Iraq: Climate change, a top priority for educators
Acknowledging that climate change is one of the most important global issues, the Kurdistan Teachers’ Union (KTU) has reaffirmed its commitment to push the regional government to insert climate change education into the curriculum and to take other necessary measures on climate change.
“Climate change and its effects are clearly visible through annual droughts, heavy rainfall, floods, forest fires, and rapid snow melting in the North and South Poles,” said KTU President Abdalwahed M. Haje. “All these changes prompted many countries, the United Nations, and many organisations concerned about it [climate change] to start conducting research and studies and to follow up on climate developments.”
A global concern for the future
He warned that “the risks are increasing day by day, especially to the environment, human beings, livestock and wildlife, and to the entire globe. While the effects will not be felt very quickly, without a doubt, climate changes, no matter how small, will see their effects grow exponentially and lead to deepening problems.”
Haje also welcomed the interest shown by many countries in the issue of climate change and that they have begun to take measures to reduce the impact of these changes.
These measures, Haje said, are implemented through several key steps, including:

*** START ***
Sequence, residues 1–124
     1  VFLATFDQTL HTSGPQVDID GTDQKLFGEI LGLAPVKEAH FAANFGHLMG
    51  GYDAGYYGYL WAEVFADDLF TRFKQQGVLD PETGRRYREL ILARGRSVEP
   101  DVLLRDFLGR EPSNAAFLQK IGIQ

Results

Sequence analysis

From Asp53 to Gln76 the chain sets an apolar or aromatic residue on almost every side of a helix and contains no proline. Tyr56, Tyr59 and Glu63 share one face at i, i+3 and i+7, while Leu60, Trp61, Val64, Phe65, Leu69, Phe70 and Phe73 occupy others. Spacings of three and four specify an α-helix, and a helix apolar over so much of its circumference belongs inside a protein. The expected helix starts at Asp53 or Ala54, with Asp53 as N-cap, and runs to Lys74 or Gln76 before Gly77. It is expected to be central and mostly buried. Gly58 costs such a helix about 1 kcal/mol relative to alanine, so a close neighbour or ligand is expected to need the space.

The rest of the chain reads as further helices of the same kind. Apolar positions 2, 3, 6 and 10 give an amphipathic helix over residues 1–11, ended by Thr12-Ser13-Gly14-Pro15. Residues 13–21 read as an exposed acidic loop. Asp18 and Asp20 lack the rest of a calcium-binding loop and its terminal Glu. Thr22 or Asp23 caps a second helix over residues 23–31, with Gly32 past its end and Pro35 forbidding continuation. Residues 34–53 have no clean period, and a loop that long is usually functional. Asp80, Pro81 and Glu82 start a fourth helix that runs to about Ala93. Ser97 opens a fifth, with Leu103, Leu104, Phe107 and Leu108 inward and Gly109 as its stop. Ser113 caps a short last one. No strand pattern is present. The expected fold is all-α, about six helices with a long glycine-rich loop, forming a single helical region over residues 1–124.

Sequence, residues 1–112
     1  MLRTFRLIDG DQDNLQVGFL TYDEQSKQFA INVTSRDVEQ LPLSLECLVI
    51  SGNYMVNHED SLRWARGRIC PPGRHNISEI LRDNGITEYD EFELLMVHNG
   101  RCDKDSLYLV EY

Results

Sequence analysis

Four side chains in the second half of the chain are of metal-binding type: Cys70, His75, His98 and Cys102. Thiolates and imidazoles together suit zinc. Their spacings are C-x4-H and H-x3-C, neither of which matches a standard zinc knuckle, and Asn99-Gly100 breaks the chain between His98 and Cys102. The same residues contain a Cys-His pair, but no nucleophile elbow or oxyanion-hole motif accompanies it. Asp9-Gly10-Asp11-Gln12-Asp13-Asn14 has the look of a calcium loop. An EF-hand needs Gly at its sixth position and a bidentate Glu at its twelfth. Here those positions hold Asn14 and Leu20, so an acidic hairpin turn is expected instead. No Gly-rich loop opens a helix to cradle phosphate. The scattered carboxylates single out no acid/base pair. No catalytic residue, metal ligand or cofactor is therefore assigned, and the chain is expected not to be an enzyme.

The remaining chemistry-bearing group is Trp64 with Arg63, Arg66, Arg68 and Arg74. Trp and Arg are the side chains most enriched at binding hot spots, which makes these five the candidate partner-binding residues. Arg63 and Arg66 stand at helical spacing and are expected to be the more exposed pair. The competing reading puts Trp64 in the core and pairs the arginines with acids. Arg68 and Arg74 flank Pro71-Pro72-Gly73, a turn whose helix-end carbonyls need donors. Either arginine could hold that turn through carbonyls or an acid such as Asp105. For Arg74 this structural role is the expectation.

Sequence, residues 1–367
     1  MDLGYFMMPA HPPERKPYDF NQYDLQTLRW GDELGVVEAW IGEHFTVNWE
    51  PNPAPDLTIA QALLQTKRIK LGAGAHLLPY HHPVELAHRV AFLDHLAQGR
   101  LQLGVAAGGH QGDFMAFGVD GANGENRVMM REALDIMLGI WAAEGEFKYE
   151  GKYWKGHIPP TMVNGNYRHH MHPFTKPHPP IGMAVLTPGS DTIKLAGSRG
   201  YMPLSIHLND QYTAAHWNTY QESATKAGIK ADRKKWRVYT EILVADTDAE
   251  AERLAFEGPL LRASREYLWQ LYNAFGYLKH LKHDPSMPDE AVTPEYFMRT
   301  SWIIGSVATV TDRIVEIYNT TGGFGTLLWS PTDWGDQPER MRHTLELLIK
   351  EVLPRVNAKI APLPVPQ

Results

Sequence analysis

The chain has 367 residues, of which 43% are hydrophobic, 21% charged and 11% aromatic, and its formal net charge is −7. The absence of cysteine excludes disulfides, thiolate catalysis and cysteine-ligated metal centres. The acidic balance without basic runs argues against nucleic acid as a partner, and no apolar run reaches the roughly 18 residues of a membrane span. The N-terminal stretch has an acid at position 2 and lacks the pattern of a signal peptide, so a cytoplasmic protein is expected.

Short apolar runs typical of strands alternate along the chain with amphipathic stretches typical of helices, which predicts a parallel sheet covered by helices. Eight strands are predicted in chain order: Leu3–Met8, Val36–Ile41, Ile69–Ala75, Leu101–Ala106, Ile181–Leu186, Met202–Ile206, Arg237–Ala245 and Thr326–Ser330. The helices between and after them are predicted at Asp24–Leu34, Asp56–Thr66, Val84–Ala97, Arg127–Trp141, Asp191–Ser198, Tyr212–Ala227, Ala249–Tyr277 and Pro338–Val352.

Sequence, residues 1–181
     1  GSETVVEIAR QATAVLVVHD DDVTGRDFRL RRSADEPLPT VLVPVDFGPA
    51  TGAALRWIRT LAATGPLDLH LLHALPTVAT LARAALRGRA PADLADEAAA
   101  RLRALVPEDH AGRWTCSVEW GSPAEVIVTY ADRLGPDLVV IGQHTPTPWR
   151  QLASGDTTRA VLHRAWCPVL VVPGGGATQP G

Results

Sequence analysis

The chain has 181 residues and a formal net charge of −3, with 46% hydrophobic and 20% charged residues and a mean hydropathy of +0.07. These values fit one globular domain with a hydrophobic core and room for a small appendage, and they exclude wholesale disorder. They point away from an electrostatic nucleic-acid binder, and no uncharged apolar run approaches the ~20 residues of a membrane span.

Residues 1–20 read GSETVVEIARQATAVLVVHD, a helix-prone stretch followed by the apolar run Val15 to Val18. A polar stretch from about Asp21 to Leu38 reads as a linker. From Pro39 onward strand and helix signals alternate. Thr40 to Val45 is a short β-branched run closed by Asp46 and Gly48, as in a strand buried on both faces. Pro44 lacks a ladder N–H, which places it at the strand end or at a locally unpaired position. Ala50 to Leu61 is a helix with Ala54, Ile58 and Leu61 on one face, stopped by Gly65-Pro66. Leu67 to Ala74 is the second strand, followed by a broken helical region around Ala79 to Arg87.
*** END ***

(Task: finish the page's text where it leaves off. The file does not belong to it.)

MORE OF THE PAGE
- Controlling and reducing gases emitted by giant factories.
- Farming of the plains to restore balance in the environment.
- Dealing with and using urban waste in a scientific manner to reduce damage to the environment, i.e., air and water.
Local steps to be taken
Haje also deeply regretted that, while many countries are trying to reduce the effects of climate change, neither the Iraqi nor the Kurdistan government is taking this issue seriously. For instance, in Kurdistan, the government continues to seize agricultural lands and turn them into housing projects and urban expansion.
In the absence of continuous electric power nationally, hundreds of electricity generators are used to feed Erbil’s city centre with electric energy, Haje added. These generators, running on fuel oil, in addition to the noise, emit thousands of tonnes of gas into the city sky. And the government has not taken any concrete measures to reduce the dangerous effects of these generators.
The KTU leader also highlighted practical steps which should be taken by public authorities to solve environmental issues, such as:
- Preventing the destruction of forests. According to the latest statistics, there are only 20 million palm trees in Iraq, down from 32 million in the past. That number is constantly decreasing, as people are burning palm groves to convert their lands into residential lands.
- Setting an upper limit for the import of cars. Haje said estimates point to over two million cars in the Kurdistan region, and that number is increasing.
- Factories and refineries must respect adequate sustainability standards or environment preservation standards. According to Haje, these factories emit thousands of tonnes of toxic gases daily into Erbil’s sky. He said the smell of gas is a nightly occurrence in the centre of Erbil, presenting a danger to human lives.
Absence of climate change on curriculum
Haje condemned the fact that neither the government nor other concerned and relevant parties have included the topic of environmental pollution and its causes, environmental protection, or climate change on the curriculum. “This prevents students from gaining the necessary knowledge to stop climate change and acquiring a scientific basis for a better life,” he said.